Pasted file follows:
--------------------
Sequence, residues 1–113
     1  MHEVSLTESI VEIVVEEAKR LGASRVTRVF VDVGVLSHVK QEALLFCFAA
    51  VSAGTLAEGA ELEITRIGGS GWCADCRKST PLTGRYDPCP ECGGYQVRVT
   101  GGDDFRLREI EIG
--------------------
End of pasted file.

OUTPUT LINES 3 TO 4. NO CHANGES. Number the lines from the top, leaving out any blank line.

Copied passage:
    51  VSAGTLAEGA ELEITRIGGS GWCADCRKST PLTGRYDPCP ECGGYQVRVT
   101  GGDDFRLREI EIG